Diagnosing dystonia is a multi-step process because no single test can give a definitive answer. Your healthcare provider will usually do a physical exam and evaluate your symptoms. He or she will also take a personal and family history to find out if you have any genetic indications for dystonia.

Other tests used to help diagnose dystonia can include:

  • Imaging of your brain with an MRI) or CT scan.
  • Genetic tests to look for known defects linked to dystonia.
  • Tests to analyze blood, urine, and cerebrospinal fluid.
  • Testing that can rule out other health conditions as the cause of your symptoms.

How is dystonia treated?

Your healthcare provider will take an individualized approach to your treatment. This may mean using a combination of therapies to help you manage pain and reduce muscle spasms. He or she may try a number of different medicines that treat dystonia. These include medicines that affect the specific neurotransmitters acetylcholine, GABA, and dopamine. Other medicines that your healthcare provider might prescribe are anticonvulsants or injections of Botulinum toxin.

You may need surgery to treat dystonia, especially if you aren't able to manage symptoms with medicine. Surgery on the muscles or tendons can release the muscle contractures in some cases. Nerve injections can temporarily release the muscle tension as well. Stimulators (deep brain stimulation therapy) can be placed in the brain to help control the muscle movements better.

Other possible treatment methods include:

  • New ways to manage stress.
  • Biofeedback.
  • Physical or speech therapy.
  • Wearing a splint on affected parts of your body.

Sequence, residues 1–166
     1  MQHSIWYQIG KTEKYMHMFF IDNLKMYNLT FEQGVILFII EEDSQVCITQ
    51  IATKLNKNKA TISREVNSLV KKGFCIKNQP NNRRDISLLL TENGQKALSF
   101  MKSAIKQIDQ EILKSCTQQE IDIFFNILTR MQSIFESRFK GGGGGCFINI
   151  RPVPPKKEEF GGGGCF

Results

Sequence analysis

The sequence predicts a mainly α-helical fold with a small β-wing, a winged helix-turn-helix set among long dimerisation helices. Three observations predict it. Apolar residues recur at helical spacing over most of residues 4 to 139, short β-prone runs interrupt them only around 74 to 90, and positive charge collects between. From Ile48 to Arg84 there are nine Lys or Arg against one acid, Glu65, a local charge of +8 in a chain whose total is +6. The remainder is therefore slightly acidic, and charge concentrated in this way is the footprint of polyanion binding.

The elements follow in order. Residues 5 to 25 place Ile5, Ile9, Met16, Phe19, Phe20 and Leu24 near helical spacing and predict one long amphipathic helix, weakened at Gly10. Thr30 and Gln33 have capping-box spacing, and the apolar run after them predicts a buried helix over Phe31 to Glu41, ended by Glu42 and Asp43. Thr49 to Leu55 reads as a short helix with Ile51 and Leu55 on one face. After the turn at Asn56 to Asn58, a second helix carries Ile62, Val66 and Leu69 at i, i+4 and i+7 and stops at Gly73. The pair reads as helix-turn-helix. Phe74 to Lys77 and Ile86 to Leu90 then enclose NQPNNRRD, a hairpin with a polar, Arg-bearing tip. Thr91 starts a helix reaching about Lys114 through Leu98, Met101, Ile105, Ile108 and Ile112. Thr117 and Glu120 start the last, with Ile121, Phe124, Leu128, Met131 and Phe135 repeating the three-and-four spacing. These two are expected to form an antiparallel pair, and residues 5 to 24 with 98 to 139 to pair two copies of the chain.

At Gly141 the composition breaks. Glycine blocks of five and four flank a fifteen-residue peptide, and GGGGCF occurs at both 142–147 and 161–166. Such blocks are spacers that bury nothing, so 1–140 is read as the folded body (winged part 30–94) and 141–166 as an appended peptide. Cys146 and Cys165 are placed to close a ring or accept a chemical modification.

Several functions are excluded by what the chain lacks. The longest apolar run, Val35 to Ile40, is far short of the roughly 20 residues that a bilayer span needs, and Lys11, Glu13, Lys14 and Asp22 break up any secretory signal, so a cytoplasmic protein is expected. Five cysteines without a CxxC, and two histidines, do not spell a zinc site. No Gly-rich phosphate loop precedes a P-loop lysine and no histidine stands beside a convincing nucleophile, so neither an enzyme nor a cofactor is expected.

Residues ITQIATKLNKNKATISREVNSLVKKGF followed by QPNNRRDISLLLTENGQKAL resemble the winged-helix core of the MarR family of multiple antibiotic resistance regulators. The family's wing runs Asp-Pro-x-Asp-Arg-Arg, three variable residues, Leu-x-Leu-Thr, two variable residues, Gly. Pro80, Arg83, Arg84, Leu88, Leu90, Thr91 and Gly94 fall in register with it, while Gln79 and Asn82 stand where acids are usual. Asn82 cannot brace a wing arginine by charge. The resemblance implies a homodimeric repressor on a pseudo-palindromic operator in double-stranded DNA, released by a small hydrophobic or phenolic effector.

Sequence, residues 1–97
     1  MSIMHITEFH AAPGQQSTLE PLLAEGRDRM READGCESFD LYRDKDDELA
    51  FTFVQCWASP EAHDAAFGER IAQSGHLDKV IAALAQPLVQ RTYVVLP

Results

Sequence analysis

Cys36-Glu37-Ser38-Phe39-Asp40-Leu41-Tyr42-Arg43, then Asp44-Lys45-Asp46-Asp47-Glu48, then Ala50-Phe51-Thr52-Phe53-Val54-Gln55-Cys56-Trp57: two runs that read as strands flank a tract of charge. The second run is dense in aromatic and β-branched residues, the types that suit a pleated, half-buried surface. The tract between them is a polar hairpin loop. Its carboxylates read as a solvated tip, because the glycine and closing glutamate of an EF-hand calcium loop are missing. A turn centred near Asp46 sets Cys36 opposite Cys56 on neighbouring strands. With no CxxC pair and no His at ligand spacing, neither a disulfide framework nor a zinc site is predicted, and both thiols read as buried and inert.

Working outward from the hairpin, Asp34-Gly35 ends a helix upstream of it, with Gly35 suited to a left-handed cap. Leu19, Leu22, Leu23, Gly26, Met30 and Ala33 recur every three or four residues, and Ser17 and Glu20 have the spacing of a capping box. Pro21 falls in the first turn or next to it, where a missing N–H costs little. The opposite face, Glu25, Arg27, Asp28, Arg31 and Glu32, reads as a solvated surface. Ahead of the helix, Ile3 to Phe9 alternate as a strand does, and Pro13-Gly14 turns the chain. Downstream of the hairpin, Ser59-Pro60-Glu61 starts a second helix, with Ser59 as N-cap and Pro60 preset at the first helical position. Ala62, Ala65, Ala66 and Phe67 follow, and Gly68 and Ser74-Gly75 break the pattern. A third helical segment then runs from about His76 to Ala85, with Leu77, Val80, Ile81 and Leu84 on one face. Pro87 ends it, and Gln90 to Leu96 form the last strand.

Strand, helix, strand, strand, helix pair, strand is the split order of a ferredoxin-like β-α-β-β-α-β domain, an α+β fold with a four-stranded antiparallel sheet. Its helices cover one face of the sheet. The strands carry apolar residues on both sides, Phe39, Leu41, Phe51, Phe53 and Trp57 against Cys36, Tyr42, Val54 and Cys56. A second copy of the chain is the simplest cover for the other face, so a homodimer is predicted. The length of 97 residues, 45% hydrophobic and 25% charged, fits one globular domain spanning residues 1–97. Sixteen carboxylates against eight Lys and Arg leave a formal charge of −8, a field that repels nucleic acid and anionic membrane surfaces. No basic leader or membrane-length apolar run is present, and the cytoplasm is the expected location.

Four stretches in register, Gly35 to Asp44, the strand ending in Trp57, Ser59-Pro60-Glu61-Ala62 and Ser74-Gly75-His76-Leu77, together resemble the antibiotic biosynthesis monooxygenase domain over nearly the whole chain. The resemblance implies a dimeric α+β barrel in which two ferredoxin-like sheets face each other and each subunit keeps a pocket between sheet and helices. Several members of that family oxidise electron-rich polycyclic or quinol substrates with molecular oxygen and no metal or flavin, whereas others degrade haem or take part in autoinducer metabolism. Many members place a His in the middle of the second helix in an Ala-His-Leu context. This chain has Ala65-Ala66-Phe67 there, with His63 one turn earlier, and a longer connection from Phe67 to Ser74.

What are the possible complications of dystonia?

Constant muscle movement and contractions can result in fatigue and exhaustion. People also report that their symptoms worsen in stressful situations. Some people with dystonia may develop permanent malformations if their muscle spasms lead to constriction of their tendons.

What can I do to prevent dystonia?

Even though you may not be able to prevent dystonia, genetic testing can reveal if you have a genetic defect that can cause dystonia. Speaking with a geneticist or a genetic counselor can help you decide if genetic testing is a good idea for you and your family.

Living with dystonia

  • Learn about dystonia and treatment options.
  • Ask your healthcare provider to recommend a specialist who knows about dystonia.
  • Find support groups so you can learn from others who have dystonia.
  • Develop daily strategies that support adequate rest and restorative self-care, such as meditation.
  • Develop layers of support systems, including family, friends, support groups, and online resources.
  • Investigate complementary therapies such as relaxation techniques, biofeedback, acupuncture, and meditation. Talk with your healthcare provider about gentle physical exercise options, such as Tai Chi or other “soft” martial arts.

When should I call my healthcare provider?

Any involuntary muscle spasms or loss of control over muscles are symptoms that you should discuss with your healthcare provider.